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The People Who Accompany Us to OUR Medical Appointments

What I Wish My Doctor Knew About People who Accompany Us to OUR Medical Appointments

Medical Alert

  • We are your primary patient.
  • Bringing an attendant is not an indication of a lower level of competence.
  • Educate your office staff and medical assistants.
  • Obtain a basic understanding of the relationship that we have with our attendant.
  • Our attendants may request additional help when assisting us with physical activities.
  • Evaluate the needs and capabilities of our primary support system.
  • Acknowledge and respect our privacy.
  • Don’t worry if we come to our appointment alone.

Background

Some of us with physical and cognitive disabilities may come to a medical appointment with another person to help us during our visit. This person may be a paid attendant, a staff member from an assistive living facility, a family member, or a friend. These health advocates can serve a variety of important functions during the appointment, including transporting us to your office, filling out paperwork, and helping with physical tasks such as undressing and climbing onto an exam table. They can also facilitate our communication attempts. Each advocate will serve a different and unique role depending on our specific needs.

There are some things we would like you to remember when we visit your office with another person.

Acknowledge our Autonomy

First, we are your primary patient. Please avoid such phrases as, “How is she doing?” or “Where does he feel the pain?” Acknowledge the fact that we live inside our bodies. Try speaking directly to us. Many of us are aware of changes in our bodies and can answer your questions.

Don’t Make Assumptions

Please don’t assume that the presence of a personal attendant or an individual’s diagnosis is an automatic indication of competence. It may be easier and quicker to communicate with the attendant or family member, but we will not feel empowered or respected as your patient.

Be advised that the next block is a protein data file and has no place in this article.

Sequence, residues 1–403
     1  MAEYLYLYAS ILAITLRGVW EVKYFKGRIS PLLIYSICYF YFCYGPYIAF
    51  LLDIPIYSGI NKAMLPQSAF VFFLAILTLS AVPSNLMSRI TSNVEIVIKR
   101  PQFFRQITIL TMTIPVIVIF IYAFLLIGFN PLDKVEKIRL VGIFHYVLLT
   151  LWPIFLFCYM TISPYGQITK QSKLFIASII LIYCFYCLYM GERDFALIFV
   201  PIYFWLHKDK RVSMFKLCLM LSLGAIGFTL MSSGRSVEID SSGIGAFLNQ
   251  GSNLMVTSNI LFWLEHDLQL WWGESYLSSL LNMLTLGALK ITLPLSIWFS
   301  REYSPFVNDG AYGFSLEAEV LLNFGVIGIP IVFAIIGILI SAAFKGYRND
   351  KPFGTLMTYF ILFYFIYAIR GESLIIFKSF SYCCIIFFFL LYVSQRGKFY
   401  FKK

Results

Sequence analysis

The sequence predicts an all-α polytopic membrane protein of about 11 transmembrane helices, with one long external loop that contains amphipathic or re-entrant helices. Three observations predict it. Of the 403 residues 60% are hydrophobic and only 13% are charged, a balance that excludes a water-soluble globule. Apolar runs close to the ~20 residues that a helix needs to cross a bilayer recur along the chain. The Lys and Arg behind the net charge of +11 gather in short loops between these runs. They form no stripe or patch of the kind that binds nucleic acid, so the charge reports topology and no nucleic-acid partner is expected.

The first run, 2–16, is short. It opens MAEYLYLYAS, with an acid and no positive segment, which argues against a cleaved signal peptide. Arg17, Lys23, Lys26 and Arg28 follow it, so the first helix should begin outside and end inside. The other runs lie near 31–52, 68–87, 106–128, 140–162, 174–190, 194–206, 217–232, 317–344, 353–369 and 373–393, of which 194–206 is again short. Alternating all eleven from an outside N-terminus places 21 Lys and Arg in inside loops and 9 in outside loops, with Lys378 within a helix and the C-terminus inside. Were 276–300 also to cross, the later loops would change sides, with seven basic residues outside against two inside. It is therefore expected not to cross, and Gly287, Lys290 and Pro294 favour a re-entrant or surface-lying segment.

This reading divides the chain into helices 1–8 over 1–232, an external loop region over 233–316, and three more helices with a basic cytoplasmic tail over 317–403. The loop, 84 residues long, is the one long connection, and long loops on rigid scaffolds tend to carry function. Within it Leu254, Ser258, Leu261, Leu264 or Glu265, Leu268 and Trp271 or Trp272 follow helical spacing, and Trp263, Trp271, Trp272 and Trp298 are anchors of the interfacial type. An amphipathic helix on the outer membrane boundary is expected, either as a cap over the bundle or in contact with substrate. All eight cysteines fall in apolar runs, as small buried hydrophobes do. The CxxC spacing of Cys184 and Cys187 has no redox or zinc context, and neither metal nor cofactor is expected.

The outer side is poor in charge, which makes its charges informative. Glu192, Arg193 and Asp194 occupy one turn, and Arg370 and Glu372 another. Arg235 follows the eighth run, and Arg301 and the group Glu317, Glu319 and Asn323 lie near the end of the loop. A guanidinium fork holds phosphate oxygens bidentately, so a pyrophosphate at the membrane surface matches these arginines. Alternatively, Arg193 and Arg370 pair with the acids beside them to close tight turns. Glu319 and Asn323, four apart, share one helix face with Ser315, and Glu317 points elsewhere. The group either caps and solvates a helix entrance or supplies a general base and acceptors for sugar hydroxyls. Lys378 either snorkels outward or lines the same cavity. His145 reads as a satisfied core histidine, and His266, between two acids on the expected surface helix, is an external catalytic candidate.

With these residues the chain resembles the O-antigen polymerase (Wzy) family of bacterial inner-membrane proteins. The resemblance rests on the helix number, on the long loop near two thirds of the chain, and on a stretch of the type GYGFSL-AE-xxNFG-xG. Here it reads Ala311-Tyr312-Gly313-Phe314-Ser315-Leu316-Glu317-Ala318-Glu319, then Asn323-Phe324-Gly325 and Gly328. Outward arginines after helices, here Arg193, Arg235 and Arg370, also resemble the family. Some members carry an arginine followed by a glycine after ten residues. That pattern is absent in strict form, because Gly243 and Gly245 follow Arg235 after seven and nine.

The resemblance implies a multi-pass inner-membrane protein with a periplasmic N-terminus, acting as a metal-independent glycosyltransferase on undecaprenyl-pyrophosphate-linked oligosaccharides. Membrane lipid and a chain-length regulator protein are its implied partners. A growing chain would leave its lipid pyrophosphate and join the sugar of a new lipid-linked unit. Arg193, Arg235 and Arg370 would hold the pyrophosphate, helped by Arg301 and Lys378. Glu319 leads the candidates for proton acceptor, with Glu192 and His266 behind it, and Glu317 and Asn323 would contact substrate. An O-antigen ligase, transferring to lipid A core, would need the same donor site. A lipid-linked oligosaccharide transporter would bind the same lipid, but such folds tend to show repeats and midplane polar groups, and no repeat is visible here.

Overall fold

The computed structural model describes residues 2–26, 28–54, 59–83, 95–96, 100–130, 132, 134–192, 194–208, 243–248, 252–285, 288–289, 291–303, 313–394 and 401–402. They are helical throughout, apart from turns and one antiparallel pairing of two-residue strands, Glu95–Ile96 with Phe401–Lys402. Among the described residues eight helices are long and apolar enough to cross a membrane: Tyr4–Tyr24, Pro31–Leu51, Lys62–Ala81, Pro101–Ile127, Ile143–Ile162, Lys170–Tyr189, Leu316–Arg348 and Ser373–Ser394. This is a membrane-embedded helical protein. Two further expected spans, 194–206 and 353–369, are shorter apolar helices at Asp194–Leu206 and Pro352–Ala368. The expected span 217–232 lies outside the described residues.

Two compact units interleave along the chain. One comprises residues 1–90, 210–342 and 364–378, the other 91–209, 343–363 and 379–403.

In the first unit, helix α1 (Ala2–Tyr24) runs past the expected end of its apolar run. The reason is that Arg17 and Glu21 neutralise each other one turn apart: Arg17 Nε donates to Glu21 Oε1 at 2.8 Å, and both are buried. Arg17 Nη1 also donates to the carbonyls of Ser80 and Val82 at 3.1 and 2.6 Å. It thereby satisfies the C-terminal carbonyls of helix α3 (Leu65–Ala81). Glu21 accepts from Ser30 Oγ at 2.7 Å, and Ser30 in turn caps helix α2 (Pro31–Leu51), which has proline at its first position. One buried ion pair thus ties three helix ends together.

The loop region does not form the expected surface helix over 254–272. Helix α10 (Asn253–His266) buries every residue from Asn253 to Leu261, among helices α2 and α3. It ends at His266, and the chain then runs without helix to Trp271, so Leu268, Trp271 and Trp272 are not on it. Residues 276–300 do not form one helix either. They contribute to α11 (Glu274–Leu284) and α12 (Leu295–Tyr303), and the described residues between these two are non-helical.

Train Your Staff

Your office staff and medical assistants often set the tone for our visit. Please demonstrate and teach everyone on your staff respectful ways of communicating with patients who have disabilities. They should remain patient and maintain a dialog with us. Other examples of helpful tasks might include: moving furniture out of our path of travel or assisting us in filling out paperwork when needed.

Understand Our Relationship

Sometimes it might be helpful and necessary to include our attendant or health advocate in the conversation. This is usually fine, especially if you have our consent. If possible, try to get a feel for the nature of our relationship. Is this person actively involved in our lives? Do they appear to treat us with dignity and respect? Are they advocating on our behalf? Is our best interest their top priority?

Evaluate Our Support System

When prescribing an at‐home treatment or a lifestyle change, it can be useful to evaluate the needs and capabilities of our primary support system. Will the additional treatment have a direct impact on our attendant? If they are expected to assist us with this new task, are they willing and able to meet any physical or psychological requirements? If not, is a referral or alternate plan needed?

Ask if Extra Help is Needed

Our attendants or family members can be very helpful with certain physical tasks, but they may not be able to do everything. For example, they may need help with high and awkward transfers or other unusual physical activities.

Respect Our Privacy

We may not wish to discuss certain issues with our paid attendant or family member in the room. Please ask us if there is anything we want to discuss in private. For those of us who have trouble with verbal communication, provide us with a secure email address or another channel of private communication.

We May Come Alone

Don’t be surprised if we sometimes show up to our appointment without anyone else in tow. We may not always need or want help. We can figure out the logistics of our solo appointments with you.

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